University Library DePaul Library

Describing Data

By cea + from The Netherlands (Metadata is a love note to the future) [CC BY 2.0 (http://creativecommons.org/licenses/by/2.0)], via Wikimedia Commons

Source: By cea + from The Netherlands (Metadata is a love note to the future) [CC BY 2.0 (http://creativecommons.org/licenses/by/2.0)], via Wikimedia Commons

 

 

Technically, metadata is "data about data." Metadata is the way we describe our digital files. But what does that actually mean? 

Metadata Example

Every picture that you take on your phone has information that is captured automatically about the image. Typically it captures the following details:

  • Date the picture was taken
  • Time the picture was taken
  • Size of the image in bytes
  • Image resolution in pixels

All of this information is metadata and provides additional information about the digital file that is not captured in the file itself.

So What?

Metadata is the back bone of any electronic file. The richer your metadata is, the more information you will have on a particular electronic resource and the more easily that file will be able to be useful for both future self as well as future researchers, hence: "Metadata is a love note to the future." Robust metadata indicates when the file(s) were created, who created them, why they were created, and technical specifications and information needed to open or interpret the file as well as an explanation of content.

There are many different metadata standards for various disciplines. This guide will give you an sample of what's available, though this is just the tip of the iceberg. For more information, please click on the Schema Name links or contact the Data Services Librarian for more information and to get started.

A Sampling of Metadata Standards
Schema Name Subject
Dublin Core All-purpose, flexible standard
ISO 191** Geospatial Standards Geospatial data, Environmental Science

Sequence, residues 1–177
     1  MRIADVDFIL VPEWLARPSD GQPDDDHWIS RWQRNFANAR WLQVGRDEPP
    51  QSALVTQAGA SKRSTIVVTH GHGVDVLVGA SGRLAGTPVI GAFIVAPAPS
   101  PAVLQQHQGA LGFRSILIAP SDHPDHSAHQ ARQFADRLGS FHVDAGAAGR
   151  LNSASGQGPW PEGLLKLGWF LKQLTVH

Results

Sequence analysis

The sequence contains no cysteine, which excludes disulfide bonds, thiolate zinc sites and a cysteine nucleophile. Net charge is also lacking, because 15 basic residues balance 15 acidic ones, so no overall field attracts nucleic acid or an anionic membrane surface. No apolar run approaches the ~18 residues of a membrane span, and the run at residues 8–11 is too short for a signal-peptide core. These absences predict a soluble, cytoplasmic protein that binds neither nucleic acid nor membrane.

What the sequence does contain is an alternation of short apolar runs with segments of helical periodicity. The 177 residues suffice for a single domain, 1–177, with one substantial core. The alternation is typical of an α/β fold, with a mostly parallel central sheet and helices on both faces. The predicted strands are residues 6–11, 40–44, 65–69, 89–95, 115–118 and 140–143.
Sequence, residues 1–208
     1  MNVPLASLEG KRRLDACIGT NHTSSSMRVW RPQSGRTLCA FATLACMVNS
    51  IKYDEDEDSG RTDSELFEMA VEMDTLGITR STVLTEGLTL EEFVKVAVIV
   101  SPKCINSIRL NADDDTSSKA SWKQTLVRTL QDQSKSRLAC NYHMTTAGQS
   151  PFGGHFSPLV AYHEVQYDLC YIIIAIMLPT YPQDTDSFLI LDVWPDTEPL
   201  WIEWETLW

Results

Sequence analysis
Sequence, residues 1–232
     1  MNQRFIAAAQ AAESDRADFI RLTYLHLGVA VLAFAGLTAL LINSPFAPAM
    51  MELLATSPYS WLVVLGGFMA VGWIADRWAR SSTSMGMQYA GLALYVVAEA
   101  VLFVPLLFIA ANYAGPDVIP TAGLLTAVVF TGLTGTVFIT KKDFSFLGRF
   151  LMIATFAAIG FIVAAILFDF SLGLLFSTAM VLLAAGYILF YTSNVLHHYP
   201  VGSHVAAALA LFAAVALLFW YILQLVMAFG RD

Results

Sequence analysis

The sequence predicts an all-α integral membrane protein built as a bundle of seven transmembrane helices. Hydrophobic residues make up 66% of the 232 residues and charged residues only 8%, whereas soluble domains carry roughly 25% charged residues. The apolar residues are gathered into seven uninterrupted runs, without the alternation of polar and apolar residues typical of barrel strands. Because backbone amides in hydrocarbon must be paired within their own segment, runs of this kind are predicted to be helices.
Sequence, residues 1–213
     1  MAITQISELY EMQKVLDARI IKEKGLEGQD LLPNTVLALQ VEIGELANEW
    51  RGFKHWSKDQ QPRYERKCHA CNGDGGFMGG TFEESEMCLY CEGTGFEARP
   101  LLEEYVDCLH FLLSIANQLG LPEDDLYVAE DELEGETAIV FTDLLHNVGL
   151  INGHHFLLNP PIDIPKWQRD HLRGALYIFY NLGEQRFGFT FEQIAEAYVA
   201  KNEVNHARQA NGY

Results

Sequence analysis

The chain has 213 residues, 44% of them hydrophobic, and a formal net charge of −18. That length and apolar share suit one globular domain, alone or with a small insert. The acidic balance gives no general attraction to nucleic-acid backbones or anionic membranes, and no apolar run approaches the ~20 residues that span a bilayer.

Data Documentation Initiative Social, Behavioral, Economic, Health Science
CDWA (Categories for the Description of Works of Art) Art and Architecture
Darwin Core Biology
NISO MIX Digital Images
TEI Humanities, Social Sciences, Linguistics
IEEE LOM Education: learning objects

 

Getting Started

Similar to exercise, metadata creation adheres to the maxim that something is better than nothing. Creating a README.txt that gives basic information (your name, name and purpose of the project, project date(s), and file names) and saving it with your files will be helpful to anyone who is viewing your data in the future. Of course, there is so much more that can be done to describe your data.

More on README.txt

Here is an example of what a README.txt file could look like:

Source: http://dataabinitio.com/?p=378 used with CC-BY permission.

Using a Metadata Schema

Using a metadata schema for the first time can be confusing because of the specific information that each schema has for a particular field. Metadata schemas have documentation that must be followed precisely in order to get the maximum benefit of interoperability and machine readability. There are a variety of tools available to guide the creation of metadata. <oXygen/> is one of the more popular XML editors that guides users in creating a metadata schema in XML. <oXygen/> is available on library computers. Please contact the Data Services Librarian if you need help using <oXygen/> or help creating your metadata.

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